APPENDIX TO OPINION OF THE COURT
Ala. Code §§13A–2–20, 13A–2–23 (2006); Alaska Stat. §§11.16.100, 11.16.110 (2004); Ariz. Rev. Stat. Ann. §§13–301, 13–302, 13–303(A) (West 2001); Ark. Code Ann. §§5–2–402, 5–2–403(a) (2006); Colo. Rev. Stat. Ann. §§18–1–601, 18–1–603 (2006); Conn. Gen. Stat. §53a–8(a) (2005); Del. Code Ann., Tit. 11, §271 (1995); D. C. Code §22–1805 (2001); Fla. Stat. §777.011 (2006); Ga. Code Ann. §16–2–20 (2003); Haw. Rev. Stat. §§702–221, 702–222 (1993); Idaho Code §19–1430 (Lexis 2004); Ill. Comp. Stat., ch. 720, §§5/5–1, 5/5–2 (West 2004); Ind. Code §35–41–2–4 (West 2004); Iowa Code §703.1 (2005); Kan. Stat. Ann. §21–3205(1) (1995); Ky. Rev. Stat. Ann. §502.020(1) (West 2006); La. Stat. Ann. §14:24 (West 1997); Me. Rev. Stat. Ann., Tit. 17–A, §57(1) (2006); Md. Crim. Proc. Code Ann. §4–204(b) (Lexis Supp. 2006); Mass. Gen. Laws, ch. 274, §2 (West 2005); Mich. Comp. Laws Ann. §767.39 (West 2000); Minn. Stat. §609.05, subdiv. 1 (2004); Miss. Code Ann. §97–1–3 (2006); Mo. Rev. Stat. §§562.036, 562.041(1) (1999); Mont. Code Ann. §§45–2–301, 45–2–302 (2005); Neb. Rev. Stat. §28–206 (1995); Nev. Rev. Stat. §195.020 (2003); N. H. Rev. Stat. Ann. §626:8 (Supp. 2006); N. J. Stat. Ann. §2C:2–6 (West 2005); N. M. Stat. Ann. §30–1–13 (2004); N. Y. Penal Law Ann. §20.00 (West 2004); N. C. Gen. Stat. Ann. §14–5.2 (2005); N. D. Cent. Code Ann. §12.1–03–01(1) (Lexis 1997); Ohio Rev. Code Ann. §§2923.03(A), (F) (Lexis 2006); Okla. Stat., Tit. 21, §172 (West 2001); Ore. Rev. Stat. §§161.150, 161.155 (2003); 18 Pa. Cons. Stat. §306 (2002); R. I. Gen. Laws §11–1–3 (2002); S. C. Code Ann. §16–1–40 (2003); S. D. Codified Laws §§22–3–3, 22–3–3.1 (1998); Tenn. Code Ann. §§39–11–401(a), 39–11–402 (2006); Tex. Penal Code Ann. §§7.01, 7.02(a) (West 2003); Utah Code Ann. §76–2–202 (Lexis 2003); Vt. Stat. Ann., Tit. 13, §§3–4 (1998); Va. Code Ann. §18.2–18 (Lexis 2004); Wash. Rev. Code §9A.08.020 (2006); W. Va. Code Ann. §61–11–6 (Lexis 2005); Wis. Stat. §939.05 (2005); Wyo. Stat. Ann. §6–1–201 (2005).
Alaska Stat. §11.16.110; Riley v. State, 60 P. 3d 204, 214, 219–221 (Alaska App. 2002); Tarnef v. State, 512 P. 2d 923, 928 (Alaska 1973); State v. Phillips, 202 Ariz. 427, 435–437, 46 P. 3d 1048, 1056–1058 (2002); State v. Wall, 212 Ariz. 1, 4–5, 126 P. 3d 148, 151–152 (2006) (en banc); Colo. Rev. Stat. Ann. §18–1–603; Bogdanov v. People, 941 P. 2d 247, 250–252, and n. 8 (en banc), as amended by 955 P. 2d 997 (Colo. 1997) (en banc), disapproved of on other grounds by Griego v. People, 19 P. 3d 1, 7–8 (Colo. 2001) (en banc); Wilson-Bey v. United States, 903 A. 2d 818, 821–822 (D. C. 2006) (en banc); Kitt v. United States, 904 A. 2d 348, 354–356 (D. C. 2006); Commonwealth v. Richards, 363 Mass. 299, 305–308, 293 N. E. 2d 854, 859–860 (1973); Commonwealth v. Daughtry, 417 Mass. 136, 137–139, 627 N. E. 2d 928, 930–931 (1994); Mont. Code Ann. §45–2–302; State ex rel. Keyes v. Montana 13th Jud. Dist. Ct., 288 Mont. 27, 32–35, 955 P. 2d 639, 642–643 (1998); Sharma v. State, 118 Nev. 648, 653–657, 56 P. 3d 868, 871–873 (2002); cf. Bolden v. State, 124 P. 3d 191, 200 (Nev. 2005); State v. Carrasco, 1997–NMSC–047, ¶¶5–9, 946 P. 2d 1075, 1079–1080; State v. Bacon, 163 Vt. 279, 286–292, 658 A. 2d 54, 60–63 (1995); State v. Pitts, 174 Vt. 21, 23–27, 800 A. 2d 481, 483–485 (2002).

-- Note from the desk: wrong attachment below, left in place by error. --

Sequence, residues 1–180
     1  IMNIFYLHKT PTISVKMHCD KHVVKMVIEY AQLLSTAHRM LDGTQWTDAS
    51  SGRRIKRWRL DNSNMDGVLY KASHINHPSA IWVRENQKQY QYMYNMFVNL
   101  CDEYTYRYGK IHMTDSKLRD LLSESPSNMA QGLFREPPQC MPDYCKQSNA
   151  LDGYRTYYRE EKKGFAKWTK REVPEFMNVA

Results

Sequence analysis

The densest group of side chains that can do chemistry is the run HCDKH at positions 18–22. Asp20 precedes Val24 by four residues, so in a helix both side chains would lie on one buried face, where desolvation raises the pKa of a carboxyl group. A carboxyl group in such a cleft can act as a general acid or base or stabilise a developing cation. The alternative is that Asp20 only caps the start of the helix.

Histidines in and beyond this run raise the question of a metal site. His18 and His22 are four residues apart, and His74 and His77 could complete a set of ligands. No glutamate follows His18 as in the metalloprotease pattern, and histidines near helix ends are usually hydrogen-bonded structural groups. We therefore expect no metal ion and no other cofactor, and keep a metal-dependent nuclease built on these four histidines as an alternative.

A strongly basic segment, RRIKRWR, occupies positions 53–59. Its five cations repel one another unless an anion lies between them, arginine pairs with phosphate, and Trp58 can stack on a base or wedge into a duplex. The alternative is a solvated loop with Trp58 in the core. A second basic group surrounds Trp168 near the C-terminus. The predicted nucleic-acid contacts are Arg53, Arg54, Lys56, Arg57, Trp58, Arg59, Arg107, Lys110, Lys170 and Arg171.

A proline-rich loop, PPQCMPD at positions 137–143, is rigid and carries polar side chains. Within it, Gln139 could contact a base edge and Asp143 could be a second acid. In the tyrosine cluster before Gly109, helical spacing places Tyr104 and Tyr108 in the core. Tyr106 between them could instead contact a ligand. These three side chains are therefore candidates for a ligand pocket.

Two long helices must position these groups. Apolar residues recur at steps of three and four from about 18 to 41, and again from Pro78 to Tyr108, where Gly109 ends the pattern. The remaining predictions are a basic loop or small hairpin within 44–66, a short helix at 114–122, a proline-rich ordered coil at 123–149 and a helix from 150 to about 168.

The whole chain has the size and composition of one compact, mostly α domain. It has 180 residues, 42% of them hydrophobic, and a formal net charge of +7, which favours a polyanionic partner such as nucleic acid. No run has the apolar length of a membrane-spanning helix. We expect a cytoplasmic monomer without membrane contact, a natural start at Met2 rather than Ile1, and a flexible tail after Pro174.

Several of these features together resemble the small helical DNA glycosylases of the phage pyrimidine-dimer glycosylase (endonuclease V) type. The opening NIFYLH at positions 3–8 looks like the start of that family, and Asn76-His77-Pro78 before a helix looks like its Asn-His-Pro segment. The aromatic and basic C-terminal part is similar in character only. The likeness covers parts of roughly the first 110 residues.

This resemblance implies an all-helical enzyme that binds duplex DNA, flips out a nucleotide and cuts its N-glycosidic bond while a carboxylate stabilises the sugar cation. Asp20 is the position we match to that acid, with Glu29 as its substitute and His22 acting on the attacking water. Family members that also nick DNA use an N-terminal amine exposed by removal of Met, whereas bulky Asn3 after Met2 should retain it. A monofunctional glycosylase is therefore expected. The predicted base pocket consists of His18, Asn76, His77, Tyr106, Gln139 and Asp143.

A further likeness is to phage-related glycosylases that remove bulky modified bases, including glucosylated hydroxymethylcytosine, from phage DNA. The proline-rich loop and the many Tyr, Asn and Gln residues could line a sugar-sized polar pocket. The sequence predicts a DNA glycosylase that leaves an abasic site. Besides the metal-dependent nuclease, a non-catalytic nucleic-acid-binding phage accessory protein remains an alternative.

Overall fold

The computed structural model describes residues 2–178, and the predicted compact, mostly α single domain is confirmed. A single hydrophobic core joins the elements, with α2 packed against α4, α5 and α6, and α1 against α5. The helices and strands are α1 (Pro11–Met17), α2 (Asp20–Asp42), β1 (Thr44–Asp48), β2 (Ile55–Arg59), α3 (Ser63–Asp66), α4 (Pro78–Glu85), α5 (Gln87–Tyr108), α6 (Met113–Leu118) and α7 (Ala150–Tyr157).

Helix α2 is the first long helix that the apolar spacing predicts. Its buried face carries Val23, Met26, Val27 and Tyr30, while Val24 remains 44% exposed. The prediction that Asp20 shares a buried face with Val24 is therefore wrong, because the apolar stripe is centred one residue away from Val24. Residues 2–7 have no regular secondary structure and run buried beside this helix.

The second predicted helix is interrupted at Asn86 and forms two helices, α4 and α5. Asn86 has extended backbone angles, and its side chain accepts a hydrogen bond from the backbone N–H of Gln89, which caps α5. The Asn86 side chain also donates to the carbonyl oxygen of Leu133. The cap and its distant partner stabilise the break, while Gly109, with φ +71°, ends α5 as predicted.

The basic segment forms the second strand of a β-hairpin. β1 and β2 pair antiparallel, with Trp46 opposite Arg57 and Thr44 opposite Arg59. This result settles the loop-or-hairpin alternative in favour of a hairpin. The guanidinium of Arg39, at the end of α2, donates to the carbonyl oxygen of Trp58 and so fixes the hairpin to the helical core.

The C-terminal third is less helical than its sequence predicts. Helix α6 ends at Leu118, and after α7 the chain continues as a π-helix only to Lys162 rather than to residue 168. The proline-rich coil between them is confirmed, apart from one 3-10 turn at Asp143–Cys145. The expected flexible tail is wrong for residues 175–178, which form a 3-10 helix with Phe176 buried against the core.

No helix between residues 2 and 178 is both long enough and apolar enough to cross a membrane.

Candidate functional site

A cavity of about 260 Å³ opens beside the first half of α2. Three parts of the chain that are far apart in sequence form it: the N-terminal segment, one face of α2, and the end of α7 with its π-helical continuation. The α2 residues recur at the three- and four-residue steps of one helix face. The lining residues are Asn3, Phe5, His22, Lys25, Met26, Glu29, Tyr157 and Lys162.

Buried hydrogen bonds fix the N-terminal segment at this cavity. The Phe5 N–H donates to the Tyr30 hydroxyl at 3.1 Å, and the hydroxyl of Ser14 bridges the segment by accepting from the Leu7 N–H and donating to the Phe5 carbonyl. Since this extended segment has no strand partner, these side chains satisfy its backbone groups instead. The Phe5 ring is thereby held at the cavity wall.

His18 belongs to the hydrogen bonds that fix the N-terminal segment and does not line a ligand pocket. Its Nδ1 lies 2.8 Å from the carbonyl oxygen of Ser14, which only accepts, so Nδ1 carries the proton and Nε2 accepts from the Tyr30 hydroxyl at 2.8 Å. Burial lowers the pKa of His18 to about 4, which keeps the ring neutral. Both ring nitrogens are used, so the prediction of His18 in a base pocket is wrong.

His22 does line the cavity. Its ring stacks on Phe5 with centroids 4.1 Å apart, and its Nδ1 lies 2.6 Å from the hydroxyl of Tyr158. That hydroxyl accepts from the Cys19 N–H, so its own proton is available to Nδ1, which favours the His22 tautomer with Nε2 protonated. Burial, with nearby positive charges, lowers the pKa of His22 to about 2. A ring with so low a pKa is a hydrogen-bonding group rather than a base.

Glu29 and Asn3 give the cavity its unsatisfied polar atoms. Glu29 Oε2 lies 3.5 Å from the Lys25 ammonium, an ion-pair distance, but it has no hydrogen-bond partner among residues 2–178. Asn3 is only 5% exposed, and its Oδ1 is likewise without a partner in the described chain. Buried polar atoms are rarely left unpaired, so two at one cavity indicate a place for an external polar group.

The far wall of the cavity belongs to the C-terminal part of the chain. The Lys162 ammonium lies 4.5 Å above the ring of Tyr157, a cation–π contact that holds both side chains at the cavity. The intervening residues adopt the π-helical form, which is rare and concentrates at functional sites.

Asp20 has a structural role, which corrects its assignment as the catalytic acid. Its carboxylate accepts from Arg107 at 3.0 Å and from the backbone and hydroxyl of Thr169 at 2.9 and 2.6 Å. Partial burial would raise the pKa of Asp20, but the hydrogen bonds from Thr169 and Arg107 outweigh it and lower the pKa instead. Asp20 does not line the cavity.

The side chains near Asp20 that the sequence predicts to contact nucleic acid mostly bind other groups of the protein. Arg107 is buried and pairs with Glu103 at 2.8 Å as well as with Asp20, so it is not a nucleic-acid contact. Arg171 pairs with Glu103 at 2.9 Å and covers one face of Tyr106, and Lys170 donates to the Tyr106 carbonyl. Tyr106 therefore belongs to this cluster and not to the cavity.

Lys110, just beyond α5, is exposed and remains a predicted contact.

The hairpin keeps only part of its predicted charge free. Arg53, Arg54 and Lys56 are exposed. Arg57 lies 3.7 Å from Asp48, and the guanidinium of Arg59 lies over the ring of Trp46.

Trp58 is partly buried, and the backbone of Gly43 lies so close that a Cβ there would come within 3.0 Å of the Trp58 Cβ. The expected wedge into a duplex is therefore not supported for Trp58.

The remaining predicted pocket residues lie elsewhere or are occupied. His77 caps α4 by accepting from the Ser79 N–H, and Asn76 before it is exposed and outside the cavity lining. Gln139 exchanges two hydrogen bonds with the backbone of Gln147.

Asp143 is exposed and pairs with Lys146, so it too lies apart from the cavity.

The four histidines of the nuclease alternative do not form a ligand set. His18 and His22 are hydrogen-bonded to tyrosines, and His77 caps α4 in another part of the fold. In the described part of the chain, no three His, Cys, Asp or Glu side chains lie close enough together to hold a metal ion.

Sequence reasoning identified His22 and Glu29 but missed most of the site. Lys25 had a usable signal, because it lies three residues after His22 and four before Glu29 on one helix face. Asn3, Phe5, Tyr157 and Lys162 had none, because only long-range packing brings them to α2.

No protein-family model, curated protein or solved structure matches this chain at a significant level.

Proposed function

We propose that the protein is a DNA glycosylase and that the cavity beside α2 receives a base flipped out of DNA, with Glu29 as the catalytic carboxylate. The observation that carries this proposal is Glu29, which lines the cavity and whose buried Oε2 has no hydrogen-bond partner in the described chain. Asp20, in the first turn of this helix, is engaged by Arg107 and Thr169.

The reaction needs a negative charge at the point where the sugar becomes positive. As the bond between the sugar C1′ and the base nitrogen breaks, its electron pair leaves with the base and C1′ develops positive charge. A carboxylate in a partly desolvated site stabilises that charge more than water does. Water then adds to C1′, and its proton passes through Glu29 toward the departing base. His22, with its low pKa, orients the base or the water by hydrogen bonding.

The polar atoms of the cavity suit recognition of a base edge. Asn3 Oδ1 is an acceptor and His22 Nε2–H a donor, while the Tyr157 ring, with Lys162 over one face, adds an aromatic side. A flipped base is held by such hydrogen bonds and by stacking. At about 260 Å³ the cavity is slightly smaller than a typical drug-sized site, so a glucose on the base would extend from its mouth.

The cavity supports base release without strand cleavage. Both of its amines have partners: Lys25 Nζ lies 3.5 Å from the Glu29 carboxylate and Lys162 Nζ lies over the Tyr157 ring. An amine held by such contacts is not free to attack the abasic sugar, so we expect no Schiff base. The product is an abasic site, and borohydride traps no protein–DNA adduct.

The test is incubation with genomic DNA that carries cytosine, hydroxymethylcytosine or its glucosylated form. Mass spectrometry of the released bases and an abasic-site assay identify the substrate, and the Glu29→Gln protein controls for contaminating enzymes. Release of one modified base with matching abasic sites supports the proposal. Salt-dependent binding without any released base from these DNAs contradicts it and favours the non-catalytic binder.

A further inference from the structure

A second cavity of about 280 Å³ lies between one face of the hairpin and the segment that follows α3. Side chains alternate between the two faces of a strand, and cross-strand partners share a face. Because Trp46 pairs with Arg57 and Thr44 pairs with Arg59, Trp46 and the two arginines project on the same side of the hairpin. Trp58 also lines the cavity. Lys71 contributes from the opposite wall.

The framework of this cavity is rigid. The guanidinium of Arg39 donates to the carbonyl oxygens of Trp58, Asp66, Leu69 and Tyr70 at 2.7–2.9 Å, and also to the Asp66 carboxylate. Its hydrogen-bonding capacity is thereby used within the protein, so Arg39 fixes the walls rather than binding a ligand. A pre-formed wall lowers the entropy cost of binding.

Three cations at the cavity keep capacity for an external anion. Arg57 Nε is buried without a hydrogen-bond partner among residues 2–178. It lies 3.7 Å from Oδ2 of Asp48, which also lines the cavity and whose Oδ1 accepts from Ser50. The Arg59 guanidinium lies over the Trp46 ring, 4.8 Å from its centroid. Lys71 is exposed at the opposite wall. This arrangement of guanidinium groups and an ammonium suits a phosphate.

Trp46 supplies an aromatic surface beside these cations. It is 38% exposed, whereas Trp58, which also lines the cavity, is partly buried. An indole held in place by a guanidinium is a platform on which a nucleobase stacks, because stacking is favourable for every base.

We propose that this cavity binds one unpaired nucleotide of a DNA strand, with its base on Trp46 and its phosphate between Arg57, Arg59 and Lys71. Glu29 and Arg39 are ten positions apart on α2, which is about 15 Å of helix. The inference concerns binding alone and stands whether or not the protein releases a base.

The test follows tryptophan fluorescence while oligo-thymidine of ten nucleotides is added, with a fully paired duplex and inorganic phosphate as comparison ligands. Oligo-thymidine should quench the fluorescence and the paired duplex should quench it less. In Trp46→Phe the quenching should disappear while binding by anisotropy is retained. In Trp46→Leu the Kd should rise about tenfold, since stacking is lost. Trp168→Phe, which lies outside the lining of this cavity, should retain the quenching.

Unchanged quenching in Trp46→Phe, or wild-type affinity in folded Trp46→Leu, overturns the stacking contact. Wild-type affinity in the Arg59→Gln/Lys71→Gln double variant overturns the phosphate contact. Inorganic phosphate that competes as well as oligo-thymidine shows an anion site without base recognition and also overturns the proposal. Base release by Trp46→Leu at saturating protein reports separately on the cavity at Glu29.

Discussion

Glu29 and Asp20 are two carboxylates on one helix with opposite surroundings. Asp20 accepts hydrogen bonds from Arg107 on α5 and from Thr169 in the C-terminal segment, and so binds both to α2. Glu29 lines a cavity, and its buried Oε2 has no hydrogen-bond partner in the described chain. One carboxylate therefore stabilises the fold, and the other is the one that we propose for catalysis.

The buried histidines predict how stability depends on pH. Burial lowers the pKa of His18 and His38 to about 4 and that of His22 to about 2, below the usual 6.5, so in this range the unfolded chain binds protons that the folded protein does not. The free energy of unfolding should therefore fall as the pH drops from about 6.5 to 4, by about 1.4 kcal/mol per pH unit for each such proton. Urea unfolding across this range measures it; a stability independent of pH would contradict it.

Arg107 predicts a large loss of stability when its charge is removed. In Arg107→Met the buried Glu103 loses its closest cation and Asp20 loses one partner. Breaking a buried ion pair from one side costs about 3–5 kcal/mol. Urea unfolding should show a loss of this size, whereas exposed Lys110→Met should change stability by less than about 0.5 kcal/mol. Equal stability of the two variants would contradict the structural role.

See, e.g., 2 LaFave §13.3(b), at 361–362, nn. 27–29 (2d ed. 2003 and Supp. 2007) (identifying cases applying the doctrine in California, Delaware, Illinois, Indiana, Iowa, Kansas, Maine, Minnesota, Tennessee, and Wisconsin, as well as in other States where the continued viability of the doctrine is unclear); State v. Medeiros, 599 A. 2d 723, 726 (R. I. 1991) (aider and abettor intends natural and probable consequences of his acts). See also Beasley v. State, 360 So. 2d 1275, 1278 (Fla. App. 1978); Ga. Code Ann. §16–2–20; Jackson v. State, 278 Ga. 235, 235–237, 599 S. E. 2d 129, 131–132 (2004); Jordan v. State, 272 Ga. 395, 395–397, 530 S. E. 2d 192, 193–194 (2000); Crawford v. State, 210 Ga. App. 36, 36–37, 435 S. E. 2d 64, 65 (1993); State v. Ehrmantrout, 100 Idaho 202, 595 P. 2d 1097 (1979); State v. Meyers, 95–750, pp. 5–7 (La. App. 11/26/96), 683 So. 2d 1378, 1382; State v. Holmes, 388 So. 2d 722, 725–727 (La. 1980); People v. Robinson, 475 Mich. 1, 8–9, 715 N. W. 2d 44, 49 (2006); Welch v. State, 566 So. 2d 680, 684–685 (Miss. 1990); State v. Roberts, 709 S. W. 2d 857, 863, and n. 6 (Mo. 1986) (en banc); State v. Ferguson, 20 S. W. 3d 485, 497 (Mo. 2000) (en banc); State v. Logan, 645 S. W. 2d 60, 64–65 (Mo. App. 1982); State v. Leonor, 263 Neb. 86, 95–97, 638 N. W. 2d 798, 807 (2002); N. J. Stat. Ann. §2C:2–6 (West 2005); State v. Torres, 183 N. J. 554, 566–567, 874 A. 2d 1084, 1092 (2005); State v. Weeks, 107 N. J. 396, 401–406, 526 A. 2d 1077, 1080–1082 (1987); Ohio Rev. Code Ann. §2923.03; State v. Johnson, 93 Ohio St. 3d 240, 242–246, 754 N. E. 2d 796, 799–801 (2001); State v. Herring, 94 Ohio St. 3d 246, 248–251, 762 N. E. 2d 940, 947–948 (2002); Ore. Rev. Stat. §161.155; State v. Pine, 336 Ore. 194, 203–205, 206–208, and n. 6, 82 P. 3d 130, 135, 137, and n. 6 (2003); State v. Anlauf, 164 Ore. App. 672, 674–677, and n. 1, 995 P. 2d 547, 548–549, and n. 1 (2000); S. D. Codified Laws §22–3–3; State v. Tofani, 2006 SD 63, ¶¶ 31–52, 719 N. W. 2d 391, 400–405; Hudgins v. Moore, 337 S. C. 333, 339, n. 5, 524 S. E. 2d 105, 108, n. 5 (1999); State v. Richmond, 90 S. W. 3d 648, 654–656 (Tenn. 2002); Tex. Penal Code Ann. §7.02; Ex parte Thompson, 179 S. W. 3d 549, 552 (Tex. Crim. App. 2005); Gordon v. State, 640 S. W. 2d 743, 758 (Tex. App. 1982); Utah Code Ann. §76–2–202; State v. Alvarez, 872 P. 2d 450, 461 (Utah 1994); State v. Crick, 675 P. 2d 527, 534 (Utah 1983); State v. Rodoussakis, 204 W. Va. 58, 77, 511 S. E. 2d 469, 488 (1998); Jahnke v. State, 692 P. 2d 911, 921–922 (Wyo. 1984); Fales v. State, 908 P. 2d 404, 408 (Wyo. 1995); United States v. Edwards, 303 F. 3d 606, 637 (CA5 2002), cert. denied, 537 U. S. 1192 (2003); United States v. Walker, 99 F. 3d 439, 443 (CADC 1996); United States v. Miller, 22 F. 3d 1075, 1078–1079 (CA11 1994); United States v. Moore, 936 F. 2d 1508, 1527 (CA7), cert. denied, 502 U. S. 991 (1991); United States v. Graewe, 774 F. 2d 106, 108, n. 1 (CA6 1985), cert. denied, 474 U. S. 1068 and 1069 (1986); United States v. Barnett, 667 F. 2d 835, 841 (CA9 1982); United States v. DeLaMotte, 434 F. 2d 289, 293 (CA2 1970), cert. denied, 401 U. S. 921 (1971).